Another snowstorm is on the way for parts of the mid-South and East Coast that were just hit by a winter storm that dumped more than a foot of snow from Virginia to New Jersey earlier this week.
The snow could snarl travel in portions of this region Thursday into Friday, which is certainly not the news people want to hear after motorists were stranded on a portion of Interstate 95 in Virginia for nearly a day during the Sunday and Monday storm.
Virginia Governor Ralph Northam already declared a state of emergency in advance of the next storm. "While we typically have ample resources for snow storms, these back-to-back events will generate landmark winter weather that requires extra flexibility, he said in a statement. The emergency order will cover costs of both storms.
This next snowstorm will first spread light snow from the Rockies into the Plains on Wednesday, including the cities of Denver and Cheyenne, Wyoming. Light snow will continue into Wednesday night from southern Nebraska into portions of Kansas and Missouri, including the Kansas City metro area.
A separate system will also bring snow, strong winds and near-blizzard conditions to parts of the Great Lakes, including Buffalo, New York, through Thursday.
Storm timeline: Mid-South
Snow or a wintry mix will break out by Thursday morning over the mid-South from northeastern Arkansas into West Tennessee and northern Mississippi, including the Memphis, Tennessee, metro area. Untreated roads, particularly bridges and overpasses, are likely to turn slippery during the morning commute in these areas.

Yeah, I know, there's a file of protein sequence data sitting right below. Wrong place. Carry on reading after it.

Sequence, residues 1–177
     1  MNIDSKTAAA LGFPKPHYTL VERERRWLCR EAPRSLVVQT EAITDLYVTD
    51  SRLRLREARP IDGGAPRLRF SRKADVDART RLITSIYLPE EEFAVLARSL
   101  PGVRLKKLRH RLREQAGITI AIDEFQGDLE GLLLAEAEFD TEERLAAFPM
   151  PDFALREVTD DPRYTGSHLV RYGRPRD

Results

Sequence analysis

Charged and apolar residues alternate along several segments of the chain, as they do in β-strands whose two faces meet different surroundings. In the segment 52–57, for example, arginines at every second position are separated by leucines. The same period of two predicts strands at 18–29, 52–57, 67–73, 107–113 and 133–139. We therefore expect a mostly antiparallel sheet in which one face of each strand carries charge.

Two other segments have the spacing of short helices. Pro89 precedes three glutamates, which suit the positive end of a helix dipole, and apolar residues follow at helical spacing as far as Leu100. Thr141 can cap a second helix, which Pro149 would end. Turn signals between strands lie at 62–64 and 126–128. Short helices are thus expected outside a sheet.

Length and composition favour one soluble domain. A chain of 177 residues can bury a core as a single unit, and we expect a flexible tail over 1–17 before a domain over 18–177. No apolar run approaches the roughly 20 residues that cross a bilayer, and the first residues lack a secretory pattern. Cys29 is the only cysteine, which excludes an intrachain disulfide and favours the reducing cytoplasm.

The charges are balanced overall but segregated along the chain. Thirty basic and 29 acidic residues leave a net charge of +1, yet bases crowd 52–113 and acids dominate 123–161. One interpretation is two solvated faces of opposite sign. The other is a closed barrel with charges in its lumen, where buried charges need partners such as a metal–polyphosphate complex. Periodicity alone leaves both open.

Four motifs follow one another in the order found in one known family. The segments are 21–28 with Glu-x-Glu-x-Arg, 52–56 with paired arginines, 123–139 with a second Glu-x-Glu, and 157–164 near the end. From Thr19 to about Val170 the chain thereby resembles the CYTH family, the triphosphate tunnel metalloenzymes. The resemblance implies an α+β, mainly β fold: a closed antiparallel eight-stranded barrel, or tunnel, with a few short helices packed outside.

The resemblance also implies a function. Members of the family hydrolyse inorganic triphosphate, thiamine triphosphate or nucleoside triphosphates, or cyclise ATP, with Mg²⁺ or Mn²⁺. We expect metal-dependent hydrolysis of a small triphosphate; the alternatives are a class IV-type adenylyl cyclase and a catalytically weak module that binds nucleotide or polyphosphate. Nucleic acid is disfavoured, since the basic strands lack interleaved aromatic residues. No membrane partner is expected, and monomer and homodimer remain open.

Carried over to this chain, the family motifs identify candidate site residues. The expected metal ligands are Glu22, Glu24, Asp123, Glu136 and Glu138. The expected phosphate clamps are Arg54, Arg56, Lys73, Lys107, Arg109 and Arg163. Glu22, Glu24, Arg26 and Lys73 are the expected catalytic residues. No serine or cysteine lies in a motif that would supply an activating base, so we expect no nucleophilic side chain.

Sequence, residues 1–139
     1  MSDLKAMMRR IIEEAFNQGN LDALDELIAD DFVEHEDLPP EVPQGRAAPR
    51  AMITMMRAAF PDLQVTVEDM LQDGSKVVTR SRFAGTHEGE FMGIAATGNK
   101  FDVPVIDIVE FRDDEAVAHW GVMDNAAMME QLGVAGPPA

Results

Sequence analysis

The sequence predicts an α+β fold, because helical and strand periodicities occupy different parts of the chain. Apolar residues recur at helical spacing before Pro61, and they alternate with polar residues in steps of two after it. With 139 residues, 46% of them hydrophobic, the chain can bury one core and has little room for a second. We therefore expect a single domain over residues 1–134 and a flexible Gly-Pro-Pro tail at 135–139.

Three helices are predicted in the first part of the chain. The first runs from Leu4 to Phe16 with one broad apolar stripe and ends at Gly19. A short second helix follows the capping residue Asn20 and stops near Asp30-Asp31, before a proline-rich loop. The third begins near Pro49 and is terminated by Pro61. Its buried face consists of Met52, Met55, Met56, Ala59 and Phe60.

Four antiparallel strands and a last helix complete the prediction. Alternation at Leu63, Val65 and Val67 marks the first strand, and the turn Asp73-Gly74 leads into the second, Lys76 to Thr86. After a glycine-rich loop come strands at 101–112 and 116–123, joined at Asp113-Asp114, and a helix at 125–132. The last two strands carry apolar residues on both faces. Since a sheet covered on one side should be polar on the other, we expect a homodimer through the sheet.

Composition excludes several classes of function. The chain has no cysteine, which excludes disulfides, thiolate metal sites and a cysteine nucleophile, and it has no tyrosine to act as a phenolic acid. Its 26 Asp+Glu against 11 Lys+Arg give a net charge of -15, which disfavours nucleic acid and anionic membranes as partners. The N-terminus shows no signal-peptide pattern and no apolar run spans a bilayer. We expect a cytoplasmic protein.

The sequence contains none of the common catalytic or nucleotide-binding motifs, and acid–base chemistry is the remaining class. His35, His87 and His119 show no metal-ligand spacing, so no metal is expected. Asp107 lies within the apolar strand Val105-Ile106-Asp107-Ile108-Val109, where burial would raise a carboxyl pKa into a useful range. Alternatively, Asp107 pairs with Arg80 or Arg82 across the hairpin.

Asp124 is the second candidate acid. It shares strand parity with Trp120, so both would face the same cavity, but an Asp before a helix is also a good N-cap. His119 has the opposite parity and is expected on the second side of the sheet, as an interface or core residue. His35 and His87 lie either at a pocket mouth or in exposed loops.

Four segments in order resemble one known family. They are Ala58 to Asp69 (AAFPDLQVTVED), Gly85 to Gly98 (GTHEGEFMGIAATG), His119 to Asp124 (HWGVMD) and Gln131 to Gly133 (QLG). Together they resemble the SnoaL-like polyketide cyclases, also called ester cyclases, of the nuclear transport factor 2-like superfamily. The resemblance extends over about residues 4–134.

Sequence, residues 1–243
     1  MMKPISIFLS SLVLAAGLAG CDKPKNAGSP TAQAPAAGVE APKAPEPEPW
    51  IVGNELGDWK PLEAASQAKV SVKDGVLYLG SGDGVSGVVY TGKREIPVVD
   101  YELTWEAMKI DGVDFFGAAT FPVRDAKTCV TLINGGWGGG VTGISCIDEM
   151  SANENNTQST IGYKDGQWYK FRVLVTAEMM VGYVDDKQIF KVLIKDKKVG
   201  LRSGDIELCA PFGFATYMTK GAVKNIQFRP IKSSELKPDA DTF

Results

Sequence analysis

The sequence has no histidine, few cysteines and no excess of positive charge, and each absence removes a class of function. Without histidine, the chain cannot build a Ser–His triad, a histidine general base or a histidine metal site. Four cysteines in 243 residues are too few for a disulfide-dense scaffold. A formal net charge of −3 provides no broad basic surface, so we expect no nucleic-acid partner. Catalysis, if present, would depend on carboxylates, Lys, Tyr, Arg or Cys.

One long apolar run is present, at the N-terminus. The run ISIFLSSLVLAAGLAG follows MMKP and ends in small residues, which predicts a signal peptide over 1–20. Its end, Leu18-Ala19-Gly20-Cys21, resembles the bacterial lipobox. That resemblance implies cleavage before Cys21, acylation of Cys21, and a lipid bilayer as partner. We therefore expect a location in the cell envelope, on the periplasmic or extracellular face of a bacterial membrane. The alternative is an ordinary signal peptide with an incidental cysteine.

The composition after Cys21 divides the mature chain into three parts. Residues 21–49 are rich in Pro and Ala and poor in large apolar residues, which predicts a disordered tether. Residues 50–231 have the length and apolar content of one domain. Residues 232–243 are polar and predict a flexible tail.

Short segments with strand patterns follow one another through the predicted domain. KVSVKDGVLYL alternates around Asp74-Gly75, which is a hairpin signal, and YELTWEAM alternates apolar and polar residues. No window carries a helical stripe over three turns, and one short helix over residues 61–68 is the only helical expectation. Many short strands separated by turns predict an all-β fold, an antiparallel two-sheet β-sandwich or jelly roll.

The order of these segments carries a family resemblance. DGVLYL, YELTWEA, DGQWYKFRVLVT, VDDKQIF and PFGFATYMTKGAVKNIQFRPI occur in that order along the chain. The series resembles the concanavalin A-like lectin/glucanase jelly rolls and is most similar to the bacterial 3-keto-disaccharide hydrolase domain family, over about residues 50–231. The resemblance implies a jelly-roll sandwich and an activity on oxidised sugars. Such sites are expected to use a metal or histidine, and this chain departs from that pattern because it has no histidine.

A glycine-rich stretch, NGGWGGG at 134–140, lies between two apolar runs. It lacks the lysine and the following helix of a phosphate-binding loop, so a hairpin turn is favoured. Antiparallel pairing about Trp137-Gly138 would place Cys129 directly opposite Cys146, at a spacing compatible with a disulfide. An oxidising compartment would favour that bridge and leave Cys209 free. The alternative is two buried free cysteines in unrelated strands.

The snow will spread eastward through the day into Middle and East Tennessee, Kentucky, the Ohio Valley and the central and southern Appalachians. Travel will likely become hazardous in Nashville and Knoxville, Tennessee; Louisville, Kentucky; and Charleston, West Virginia.
Rain is expected in the Deep South, though some snow, sleet or freezing rain might mix in as far south as northern Alabama and extreme northern Georgia.
Storm timeline: East Coast
By Thursday night, snow will continue in the central and southern Appalachians while also spreading into the mid-Atlantic and southern and central New England.
This includes the entire Interstate 95 corridor from Boston to New York City, Philadelphia, Baltimore, Washington and Richmond, Virginia.
The snow could turn heavy at times as the low-pressure system responsible for it strengthens near the East Coast.
Travel conditions will be hazardous throughout this region Thursday night into Friday morning. The morning commute will likely be challenging due to falling snow and snow-covered roads along the Interstate 95 corridor between Boston and Washington.
Snow will gradually taper off in the mid-Atlantic through Friday morning, but it may linger much of the day in New England before ending Friday evening. The storm will pull away from the Northeast on Friday night.
Gusty winds could create areas of blowing and drifting snow at times, especially along the New England coast.
How much snow?
Between 1 and 3 inches of snow is forecast for many areas of Tennessee and Kentucky, including Nashville, Knoxville and Louisville. Less than an inch is expected in Memphis.
The higher elevations of the central and southern Appalachians will see snowfall totals on the order of 3 to 6 inches, with some spots in eastern Kentucky, West Virginia and the Great Smoky Mountains picking up more than a half-foot of snow.
At least 1 to 3 inches is currently expected along much of the Interstate 95 corridor from New York City to Philadelphia and Washington.
Parts of coastal New England, including the Boston metro area, could see 3 to 6-plus inches of snow, depending on the exact track of the storm in relation to the East Coast.
If at least 1 inch of snowfall is recorded in New York and Boston, it will be the first 1-inch snow event of the season for both cities. As of Wednesday, only 0.2 inches has fallen in New York City, while Boston has picked up 0.4 inches so far.